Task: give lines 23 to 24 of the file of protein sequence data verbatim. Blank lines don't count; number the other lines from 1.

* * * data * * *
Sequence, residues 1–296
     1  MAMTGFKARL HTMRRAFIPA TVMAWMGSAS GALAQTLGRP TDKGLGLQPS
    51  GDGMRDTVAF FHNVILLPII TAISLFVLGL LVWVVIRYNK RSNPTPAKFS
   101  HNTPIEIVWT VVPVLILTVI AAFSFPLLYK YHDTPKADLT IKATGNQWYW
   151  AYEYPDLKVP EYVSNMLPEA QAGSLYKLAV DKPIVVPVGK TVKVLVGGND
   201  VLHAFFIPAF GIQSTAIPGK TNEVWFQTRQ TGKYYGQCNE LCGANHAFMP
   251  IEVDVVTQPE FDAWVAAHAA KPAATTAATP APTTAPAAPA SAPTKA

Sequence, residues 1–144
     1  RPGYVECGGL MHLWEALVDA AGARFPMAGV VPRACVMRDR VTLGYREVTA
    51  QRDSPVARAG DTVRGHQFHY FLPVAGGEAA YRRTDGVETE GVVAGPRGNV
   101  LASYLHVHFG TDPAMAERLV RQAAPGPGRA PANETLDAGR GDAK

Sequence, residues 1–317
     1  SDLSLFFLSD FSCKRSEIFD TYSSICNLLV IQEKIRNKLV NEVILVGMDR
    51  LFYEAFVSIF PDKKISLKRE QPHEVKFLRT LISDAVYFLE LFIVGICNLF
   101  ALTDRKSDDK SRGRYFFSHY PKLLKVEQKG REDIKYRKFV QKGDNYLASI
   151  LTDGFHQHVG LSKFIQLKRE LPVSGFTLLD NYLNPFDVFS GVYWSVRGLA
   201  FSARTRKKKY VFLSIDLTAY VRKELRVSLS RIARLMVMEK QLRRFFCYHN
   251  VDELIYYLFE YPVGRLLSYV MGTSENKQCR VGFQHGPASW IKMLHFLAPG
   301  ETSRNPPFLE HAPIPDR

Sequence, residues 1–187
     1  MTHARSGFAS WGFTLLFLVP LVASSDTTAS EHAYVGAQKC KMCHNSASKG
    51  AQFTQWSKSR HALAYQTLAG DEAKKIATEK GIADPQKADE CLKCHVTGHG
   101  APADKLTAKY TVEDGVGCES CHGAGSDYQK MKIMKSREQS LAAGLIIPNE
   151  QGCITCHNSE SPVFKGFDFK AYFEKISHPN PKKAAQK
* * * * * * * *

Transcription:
   101  APADKLTAKY TVEDGVGCES CHGAGSDYQK MKIMKSREQS LAAGLIIPNE
   151  QGCITCHNSE SPVFKGFDFK AYFEKISHPN PKKAAQK